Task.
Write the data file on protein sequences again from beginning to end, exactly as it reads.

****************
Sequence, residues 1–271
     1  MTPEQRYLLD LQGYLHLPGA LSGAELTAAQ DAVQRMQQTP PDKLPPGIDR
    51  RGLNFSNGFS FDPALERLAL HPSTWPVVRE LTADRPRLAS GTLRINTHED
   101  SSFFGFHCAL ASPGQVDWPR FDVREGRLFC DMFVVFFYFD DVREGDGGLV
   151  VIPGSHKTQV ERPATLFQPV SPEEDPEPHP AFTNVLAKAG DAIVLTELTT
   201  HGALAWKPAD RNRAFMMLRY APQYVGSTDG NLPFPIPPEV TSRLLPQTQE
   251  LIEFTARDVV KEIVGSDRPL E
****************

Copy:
Sequence, residues 1–271
     1  MTPEQRYLLD LQGYLHLPGA LSGAELTAAQ DAVQRMQQTP PDKLPPGIDR
    51  RGLNFSNGFS FDPALERLAL HPSTWPVVRE LTADRPRLAS GTLRINTHED
   101  SSFFGFHCAL ASPGQVDWPR FDVREGRLFC DMFVVFFYFD DVREGDGGLV
   151  VIPGSHKTQV ERPATLFQPV SPEEDPEPHP AFTNVLAKAG DAIVLTELTT
   201  HGALAWKPAD RNRAFMMLRY APQYVGSTDG NLPFPIPPEV TSRLLPQTQE
   251  LIEFTARDVV KEIVGSDRPL E